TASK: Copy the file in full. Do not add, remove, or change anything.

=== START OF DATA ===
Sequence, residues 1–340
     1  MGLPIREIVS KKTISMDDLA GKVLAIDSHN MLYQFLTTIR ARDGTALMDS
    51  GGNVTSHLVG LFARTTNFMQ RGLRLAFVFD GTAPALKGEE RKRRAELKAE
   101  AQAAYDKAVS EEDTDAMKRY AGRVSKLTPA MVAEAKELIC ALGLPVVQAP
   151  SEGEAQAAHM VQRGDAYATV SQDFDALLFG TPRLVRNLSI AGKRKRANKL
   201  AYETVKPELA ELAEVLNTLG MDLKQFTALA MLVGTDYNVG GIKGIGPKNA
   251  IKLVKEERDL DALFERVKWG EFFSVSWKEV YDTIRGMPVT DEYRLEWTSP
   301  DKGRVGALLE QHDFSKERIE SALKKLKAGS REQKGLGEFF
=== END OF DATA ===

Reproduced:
Sequence, residues 1–340
     1  MGLPIREIVS KKTISMDDLA GKVLAIDSHN MLYQFLTTIR ARDGTALMDS
    51  GGNVTSHLVG LFARTTNFMQ RGLRLAFVFD GTAPALKGEE RKRRAELKAE
   101  AQAAYDKAVS EEDTDAMKRY AGRVSKLTPA MVAEAKELIC ALGLPVVQAP
   151  SEGEAQAAHM VQRGDAYATV SQDFDALLFG TPRLVRNLSI AGKRKRANKL
   201  AYETVKPELA ELAEVLNTLG MDLKQFTALA MLVGTDYNVG GIKGIGPKNA
   251  IKLVKEERDL DALFERVKWG EFFSVSWKEV YDTIRGMPVT DEYRLEWTSP
   301  DKGRVGALLE QHDFSKERIE SALKKLKAGS REQKGLGEFF